Despite my incredible busyness my reading of SF has not slowed that heavily as I find it a relaxing activity before bed. There is a chance (time permitting) that I will post (two paragraph?) mini-reviews of such gems as Disch’s Camp Concentration (1968) + Lafferty’s intriguing Past Master (1968) + Mann’s Wulfsyarn (1990) et alii in the coming weeks in order to get caught up (I haven’t been in more than a year)…
That said, I am still working through my recent acquisition posts for a stack of books that have slowly come in over the last few months. More psychological SF via Wilhelm, a Mars novel originally in German, a collection of 50s – 80s short SF by an unsung master (according to some), and Sheckley at his most bizarre…
Three of the following novels came via Carl at Stainless Steel Droppings on his book store trip… Grateful as always for his book hunting skills on his travels and willingness to send me a large box (and paypal bill! — haha).
1. The Earth is Near, Ludek Pesek (1970, English trans. 1973)
Filth. Decay. Mud. Transmutation. Brian W. Aldiss’ SF is filled with such images: Men—with limbs removed—who are slowly (and artificially) transmuted into fish, writhe around in the mud of their tanks grasping at the last shards of their humanity; A powerful matriarch lords over a planet where her pets transform at will; A tall tale about a planet filled with strange life and a human hero who cannot get over the fact that everything smells like garbage…. Aldiss’ novel The Dark Light-Years(1964), despite its poor delivery, is the best example of these themes—humans encounter sentient aliens who spend their days copulating, laying around, and eating in their own fifth. And they are happy with their lot.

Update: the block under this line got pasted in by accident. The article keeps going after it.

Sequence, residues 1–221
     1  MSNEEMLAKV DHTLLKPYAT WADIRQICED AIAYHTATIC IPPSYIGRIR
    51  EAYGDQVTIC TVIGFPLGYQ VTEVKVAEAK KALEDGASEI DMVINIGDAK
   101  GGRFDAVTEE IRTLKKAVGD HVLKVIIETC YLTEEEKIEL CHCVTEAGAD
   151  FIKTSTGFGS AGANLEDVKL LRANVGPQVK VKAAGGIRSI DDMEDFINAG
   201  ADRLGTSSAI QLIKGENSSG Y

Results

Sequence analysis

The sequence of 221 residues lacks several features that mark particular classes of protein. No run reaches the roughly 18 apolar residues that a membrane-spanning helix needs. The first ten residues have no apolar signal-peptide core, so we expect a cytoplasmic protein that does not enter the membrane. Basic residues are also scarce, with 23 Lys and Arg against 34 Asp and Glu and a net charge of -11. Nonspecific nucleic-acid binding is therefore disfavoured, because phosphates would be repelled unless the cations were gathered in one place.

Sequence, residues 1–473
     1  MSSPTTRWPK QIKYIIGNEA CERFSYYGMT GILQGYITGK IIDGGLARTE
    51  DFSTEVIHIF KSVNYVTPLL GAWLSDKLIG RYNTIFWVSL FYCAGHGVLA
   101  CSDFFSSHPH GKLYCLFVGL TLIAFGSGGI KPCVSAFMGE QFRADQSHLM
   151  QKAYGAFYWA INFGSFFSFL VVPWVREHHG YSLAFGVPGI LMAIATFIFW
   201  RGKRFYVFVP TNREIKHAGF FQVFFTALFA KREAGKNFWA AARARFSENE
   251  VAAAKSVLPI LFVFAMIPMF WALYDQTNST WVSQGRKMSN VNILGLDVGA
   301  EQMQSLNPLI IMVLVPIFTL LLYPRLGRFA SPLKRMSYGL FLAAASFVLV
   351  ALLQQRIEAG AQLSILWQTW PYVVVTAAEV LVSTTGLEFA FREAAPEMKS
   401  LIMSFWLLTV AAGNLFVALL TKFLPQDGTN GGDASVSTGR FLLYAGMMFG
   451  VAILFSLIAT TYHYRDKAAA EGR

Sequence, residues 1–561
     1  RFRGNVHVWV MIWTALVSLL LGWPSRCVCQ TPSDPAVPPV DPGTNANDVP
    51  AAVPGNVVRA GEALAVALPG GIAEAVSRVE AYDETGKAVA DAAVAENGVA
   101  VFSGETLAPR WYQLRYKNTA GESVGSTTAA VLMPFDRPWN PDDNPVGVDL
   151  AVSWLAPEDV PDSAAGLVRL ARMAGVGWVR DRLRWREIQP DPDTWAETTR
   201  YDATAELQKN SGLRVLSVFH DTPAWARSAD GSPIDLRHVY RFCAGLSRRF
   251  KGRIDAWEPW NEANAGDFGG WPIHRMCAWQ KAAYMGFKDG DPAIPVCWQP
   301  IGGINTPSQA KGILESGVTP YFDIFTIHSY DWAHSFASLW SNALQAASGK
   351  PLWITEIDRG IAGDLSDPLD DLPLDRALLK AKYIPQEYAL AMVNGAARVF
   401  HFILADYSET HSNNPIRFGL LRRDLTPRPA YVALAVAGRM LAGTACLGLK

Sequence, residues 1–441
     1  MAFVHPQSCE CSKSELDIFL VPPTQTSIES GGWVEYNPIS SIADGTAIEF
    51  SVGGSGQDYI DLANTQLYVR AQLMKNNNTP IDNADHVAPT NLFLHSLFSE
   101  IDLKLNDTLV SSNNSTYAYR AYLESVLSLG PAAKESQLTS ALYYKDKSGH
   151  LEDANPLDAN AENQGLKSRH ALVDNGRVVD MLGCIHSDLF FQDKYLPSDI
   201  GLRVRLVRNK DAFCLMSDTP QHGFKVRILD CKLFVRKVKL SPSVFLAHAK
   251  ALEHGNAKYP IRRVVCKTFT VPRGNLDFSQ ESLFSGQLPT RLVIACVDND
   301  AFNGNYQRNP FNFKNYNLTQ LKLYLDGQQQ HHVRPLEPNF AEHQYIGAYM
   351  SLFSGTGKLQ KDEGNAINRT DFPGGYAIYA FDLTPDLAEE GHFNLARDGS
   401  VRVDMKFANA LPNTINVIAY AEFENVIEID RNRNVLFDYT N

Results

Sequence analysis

Starswarm (1964) is comprised of three novelettes and five short stories with conjoining explanatory material that links the previously published short fiction into a cohesive collection. The modus operandi of such a conjoining concerns the “Theory of Multigrade Superannuation” where “the universe is similar to the cosmic clock; the civilizations of man are not mere cogs but infinitely smaller clocks, ticking in their own right” (7). Thus, the inhabited solar systems of Starswarm—our galaxy—will exhibit all the characteristics through which a civilization can Continue reading →
I have yet to read anything by the Nobel Prize for Literature-winning author Doris Lessing… And she wrote numerous SF novels—I’m very excited that I found one in a clearance section for 2$. I also found one of the very few 1970s works by Silverberg not in my collection. Dickson’s supposedly most mature novel (which I doubt is very good) also joins my collection. So far the only Dickson I can tolerate are a handful of his short stories. And finally, my last acquisition is one of Robert Sheckley’s best-loved novels.
1. The Memoirs of a Survivor, Doris Lessing (1974)
Another varied selection of recent acquisitions—the majority are gifts from Carl V. Anderson at Stainless Steel Droppings. Thanks so much! A signed edition of Hal Clement’s Close to Critical (1964) is coming your way!
I love Sheckley. I’ve never read Richard Matheson’s short fiction. Terry Carr’s short fiction is supposedly rather good (he’s primarily known as an editor of course). And Avram Davidson is still an unknown quantity—I do adore the Leo and Diane Dillon cover.